BORN: 1802 in District of Columbia.
DIED: 1866 in Washington, DC.
CAMPAIGNS: First Bull Run, Fort Pulaski, Secessionville, and Piedmont.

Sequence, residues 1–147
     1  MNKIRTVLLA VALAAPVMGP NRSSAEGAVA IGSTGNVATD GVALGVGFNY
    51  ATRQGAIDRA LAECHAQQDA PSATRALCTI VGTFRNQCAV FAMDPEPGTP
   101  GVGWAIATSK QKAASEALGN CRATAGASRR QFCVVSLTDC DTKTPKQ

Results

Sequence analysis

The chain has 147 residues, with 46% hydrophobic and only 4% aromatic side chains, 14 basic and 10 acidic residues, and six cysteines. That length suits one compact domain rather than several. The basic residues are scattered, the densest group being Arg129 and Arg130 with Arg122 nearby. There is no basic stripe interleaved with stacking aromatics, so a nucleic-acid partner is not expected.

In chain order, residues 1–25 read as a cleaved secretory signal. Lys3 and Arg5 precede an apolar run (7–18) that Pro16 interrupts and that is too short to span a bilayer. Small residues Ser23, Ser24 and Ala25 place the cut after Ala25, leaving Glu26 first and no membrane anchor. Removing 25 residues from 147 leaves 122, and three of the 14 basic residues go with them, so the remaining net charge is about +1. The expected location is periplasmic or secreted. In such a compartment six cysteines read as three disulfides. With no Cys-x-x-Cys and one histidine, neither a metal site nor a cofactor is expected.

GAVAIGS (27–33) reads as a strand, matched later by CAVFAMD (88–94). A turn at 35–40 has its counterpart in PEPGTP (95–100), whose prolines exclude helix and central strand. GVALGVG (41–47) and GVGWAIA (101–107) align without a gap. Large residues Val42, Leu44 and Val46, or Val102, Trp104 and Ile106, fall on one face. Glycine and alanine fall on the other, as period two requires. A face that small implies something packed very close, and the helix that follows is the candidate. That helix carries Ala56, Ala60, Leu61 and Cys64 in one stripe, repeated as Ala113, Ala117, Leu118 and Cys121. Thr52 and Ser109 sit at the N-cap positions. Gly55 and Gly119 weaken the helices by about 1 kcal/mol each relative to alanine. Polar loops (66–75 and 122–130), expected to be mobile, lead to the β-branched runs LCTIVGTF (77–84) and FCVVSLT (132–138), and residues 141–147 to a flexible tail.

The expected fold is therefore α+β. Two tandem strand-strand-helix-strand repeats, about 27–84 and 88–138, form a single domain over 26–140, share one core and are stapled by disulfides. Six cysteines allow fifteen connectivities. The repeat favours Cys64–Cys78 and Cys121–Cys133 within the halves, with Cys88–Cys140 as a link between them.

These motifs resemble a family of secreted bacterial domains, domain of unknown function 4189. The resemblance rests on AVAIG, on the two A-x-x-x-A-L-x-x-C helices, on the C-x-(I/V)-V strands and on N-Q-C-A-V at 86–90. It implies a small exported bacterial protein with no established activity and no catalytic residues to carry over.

David Hunter was born on July 21, 1802, in the District of Columbia. Graduating from West Point in 1822, he spent the years before the Civil War serving in small positions on the northwest frontier. On May 17, 1861, he was appointed brigadier general, in command of the 2d Division in Brig. Gen. Irvin McDowell's army. Promoted to major general on August 13, 1861, he took part in the First Battle of Bull Run, in which he was seriously wounded. Hunter was assigned to lead a division in Missouri , and eventually became commander of the Western Department. Taking over the Department of the South in 1862, he captured Fort Pulaski, Georgia. While he abolished slavery in his department on May 9, 1862, President Lincoln reversed the action, since Hunter had surpassed his authority. Hunter went on to raise the 1st South Carolina, an all-black regiment, which Congress approved. In June of 1862, while trying to capture Charleston, South Carolina, Hunter was defeated at Secessionville. After the defeat, he was suspended from duty temporarily. In May of 1864, Hunter was assigned to the Department of West Virginia. After cutting Confederate supply, communication and railroad lines, he won a victory at the Battle of Piedmont. At Lynchburg, he and his troops retreated from Lt. Gen. Jubal A. Early, leaving the area unprotected during Early's Washington Raid. Hunter was criticized for his retreat; and, after meeting with Lt. Gen. Ulysses S. Grant and Maj. Gen. Philip H. Sheridan, Hunter resigned his command on August 8, 1864. Maj. Gen. Sheridan was then able to clear the Shenandoah Valley of Confederate troops. After the end of the Civil War and Lincoln's assassination, Hunter was president of the committee to try the assassination conspirators. He was later brevetted a brigadier and major general in the Regular Army, and lived in Washington, D.C. until his death, on February 2, 1866.